I last read this book as part of my GCSE English Literature studies, and I actually just gave myself a mini heart attack thinking that it will have been about seven years ago.
It does not feel like it should have been that long ago… but it was. I might just go and cry in corner now.
Thinking about it, it does actually explain a lot to me. I have managed to read this book in it’s entirety today, in a couple of hours in between doing the housework and laundry. Way back when, I remember really struggling to read this book. I remember that too was a Saturday and I spent all day putting it down and feigning doing something else just to get a break from it. I put it down to a couple of things; firstly, this time I was reading it to enjoy, not to study the crap out of it. I actually wrote a post about my thoughts on this on Monday (link if you’re interested Interim: Book Theme Analysis) I’m also going to say that I think maturity plays a big part in appreciating classics, modern or otherwise. I’m making an effort to read more and I can safely say if I’d set myself the challenge of reading them a couple of years ago, they would never have made it off the TBR pile.
I have no shame in admitting that I wasn’t ready for them. I wouldn’t even commit to saying I was in a position to fully understand and appreciate them now, but I am willing to try. That’s a step forward.
I’m not surprised that now I managed to read this so quickly; having set myself the pace I need to complete my book challenge I do need to read at least 100 pages a day to get through any sizeable books. I had fallen a little behind since reading War & Peace so whilst I knew I wanted to re-read this at some point, I did plan thereafter to read it sooner to help me catch up on my target.
Can I just say that I absolutely love this book! I’m surprised it only has a 3.8 star rating on GoodReads… I thought it would at least just creep over 4. It obviously isn’t everyone’s cup of tea – it wasn’t mine to start with. It’s funny, as much as I struggled to read the book first time round I did actually come to love it by the end and it’s the only book I enjoyed studying at school. I think it also featured in one of my exams if I remember correctly and I might have chosen that question topic to answer.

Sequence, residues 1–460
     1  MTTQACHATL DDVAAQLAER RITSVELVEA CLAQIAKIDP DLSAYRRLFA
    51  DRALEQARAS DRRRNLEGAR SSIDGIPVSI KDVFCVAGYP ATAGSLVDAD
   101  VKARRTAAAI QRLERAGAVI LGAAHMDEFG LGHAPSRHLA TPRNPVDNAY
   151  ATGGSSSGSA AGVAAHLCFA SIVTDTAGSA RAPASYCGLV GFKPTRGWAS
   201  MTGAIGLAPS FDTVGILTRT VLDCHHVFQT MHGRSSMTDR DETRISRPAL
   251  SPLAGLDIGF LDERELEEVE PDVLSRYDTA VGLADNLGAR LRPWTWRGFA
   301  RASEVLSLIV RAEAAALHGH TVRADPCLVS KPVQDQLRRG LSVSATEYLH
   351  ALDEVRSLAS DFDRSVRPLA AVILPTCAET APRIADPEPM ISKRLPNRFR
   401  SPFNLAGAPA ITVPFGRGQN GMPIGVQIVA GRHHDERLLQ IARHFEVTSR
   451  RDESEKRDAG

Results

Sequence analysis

I like that if you think about it, it brings up a lot of issues relevant to the time. I don’t think it quotes a date but is very reminiscent of the 1930’s and the American Depression. Poverty and the struggle to get work was very real, the attitude towards women and negro’s is also touched upon. You know it’s there, in fact it is so casual that it doesn’t slap you in the face as offensive. I like that about it, as well as how it realistically touches on many social issues of the time and not just any one. And who can’t feel sorry for poor Lennie… he just doesn’t understand his own actions or strengths. I feel sorry for George for having to look after him too, but I think I would have done the same in his shoes. Lennie can’t look after himself and you would never see anyone you know struggle.
Well, I wouldn’t anyway.
This is a book I would implore anybody who hasn’t picked it up to read it at least once. It’s actually a very easy read so please do.
That’s me caught up on reviews for now!! I’m reading Small Gods by Terry Pratchett next and following up with The Gunslinger by Stephen King – for which I am very excited! As I’ve been reading at a good pace I’m also now hoping to sneak another book onto my reading list for June, being To Kill a Mockingbird by Harper Lee.